That's because most department employees fall into exempted categories of workers who stay on the job in a shutdown because they perform work considered necessary to protect human life and property. Even in a shutdown, most workers across agencies, including the Secret Service, Transportation Security Administration, Federal Emergency Management Agency and Customs and Border Protection, would continue to report to work.
Indeed, of the agency's approximately 230,000 employees, some 200,000 of them would keep working even if Congress fails to fund their agency. It's a reality that was on display during the 16-day government-wide shutdown in the fall of 2013, when national parks and monuments closed but essential government functions kept running, albeit sometimes on reduced staff.Airport security checkpoints would remain staffed, the Secret Service would continue to protect the president and other dignitaries, the Coast Guard would stay on patrol, immigration agents would still be on the job.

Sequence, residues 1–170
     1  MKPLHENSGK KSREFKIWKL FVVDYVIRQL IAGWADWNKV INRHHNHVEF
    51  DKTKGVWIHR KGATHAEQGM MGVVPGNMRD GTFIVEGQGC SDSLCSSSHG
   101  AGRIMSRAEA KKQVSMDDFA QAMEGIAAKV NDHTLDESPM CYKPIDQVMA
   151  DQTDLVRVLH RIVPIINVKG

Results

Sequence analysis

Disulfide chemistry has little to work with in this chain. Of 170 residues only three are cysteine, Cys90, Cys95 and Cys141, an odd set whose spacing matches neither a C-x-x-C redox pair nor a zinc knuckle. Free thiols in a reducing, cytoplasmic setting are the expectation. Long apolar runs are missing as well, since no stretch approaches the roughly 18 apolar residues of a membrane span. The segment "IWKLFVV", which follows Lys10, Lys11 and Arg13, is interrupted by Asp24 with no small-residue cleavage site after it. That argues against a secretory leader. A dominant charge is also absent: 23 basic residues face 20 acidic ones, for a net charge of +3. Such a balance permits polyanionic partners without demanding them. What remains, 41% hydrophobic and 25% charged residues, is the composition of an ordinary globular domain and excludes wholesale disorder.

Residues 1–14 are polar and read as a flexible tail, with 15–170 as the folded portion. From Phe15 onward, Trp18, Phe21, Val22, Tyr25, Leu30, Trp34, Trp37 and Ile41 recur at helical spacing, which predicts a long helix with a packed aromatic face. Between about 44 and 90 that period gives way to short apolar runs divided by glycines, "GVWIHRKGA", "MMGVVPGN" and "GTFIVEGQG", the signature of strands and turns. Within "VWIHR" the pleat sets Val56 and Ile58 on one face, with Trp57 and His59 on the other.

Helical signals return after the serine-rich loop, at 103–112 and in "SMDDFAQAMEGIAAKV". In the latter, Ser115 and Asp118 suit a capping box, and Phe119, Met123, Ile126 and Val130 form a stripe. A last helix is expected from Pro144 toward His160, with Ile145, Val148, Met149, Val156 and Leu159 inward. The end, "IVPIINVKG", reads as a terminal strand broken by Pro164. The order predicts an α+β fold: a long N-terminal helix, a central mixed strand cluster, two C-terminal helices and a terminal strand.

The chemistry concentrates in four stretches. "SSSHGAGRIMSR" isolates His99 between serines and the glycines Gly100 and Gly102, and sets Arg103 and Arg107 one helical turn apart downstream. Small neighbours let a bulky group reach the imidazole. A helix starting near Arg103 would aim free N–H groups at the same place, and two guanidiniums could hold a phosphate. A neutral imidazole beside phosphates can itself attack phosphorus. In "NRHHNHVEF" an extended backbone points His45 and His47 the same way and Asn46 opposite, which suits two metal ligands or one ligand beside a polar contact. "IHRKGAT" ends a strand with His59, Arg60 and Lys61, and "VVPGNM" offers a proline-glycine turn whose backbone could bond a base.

So what of the sometimes overheated rhetoric, often from Democrats trying to prove a political point?
"If this goes to shutdown," Mikulski said, "this could close down ports up and down the East Coast, because if you don't have a Coast Guard, you don't have the ports. You don't have the ports, you don't have an economy."
But if the department loses its money, the Coast Guard will stay in operation and so will the ports.
There would be one big change, though. Most workers would not get paid until the shutdown ends, a circumstance guaranteed to put pressure on members of Congress hearing from constituents angry about going without their paychecks